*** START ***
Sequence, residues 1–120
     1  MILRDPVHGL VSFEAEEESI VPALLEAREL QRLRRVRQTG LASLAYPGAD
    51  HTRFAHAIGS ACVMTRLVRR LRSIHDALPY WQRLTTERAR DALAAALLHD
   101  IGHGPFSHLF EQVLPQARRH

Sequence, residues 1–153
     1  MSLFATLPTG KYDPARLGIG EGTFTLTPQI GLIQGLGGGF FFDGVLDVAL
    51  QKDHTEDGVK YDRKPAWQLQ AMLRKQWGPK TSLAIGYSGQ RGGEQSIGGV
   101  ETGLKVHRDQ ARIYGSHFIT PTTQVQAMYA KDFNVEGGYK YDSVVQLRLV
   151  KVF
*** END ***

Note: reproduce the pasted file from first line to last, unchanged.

Sequence, residues 1–120
     1  MILRDPVHGL VSFEAEEESI VPALLEAREL QRLRRVRQTG LASLAYPGAD
    51  HTRFAHAIGS ACVMTRLVRR LRSIHDALPY WQRLTTERAR DALAAALLHD
   101  IGHGPFSHLF EQVLPQARRH

Sequence, residues 1–153
     1  MSLFATLPTG KYDPARLGIG EGTFTLTPQI GLIQGLGGGF FFDGVLDVAL
    51  QKDHTEDGVK YDRKPAWQLQ AMLRKQWGPK TSLAIGYSGQ RGGEQSIGGV
   101  ETGLKVHRDQ ARIYGSHFIT PTTQVQAMYA KDFNVEGGYK YDSVVQLRLV
   151  KVF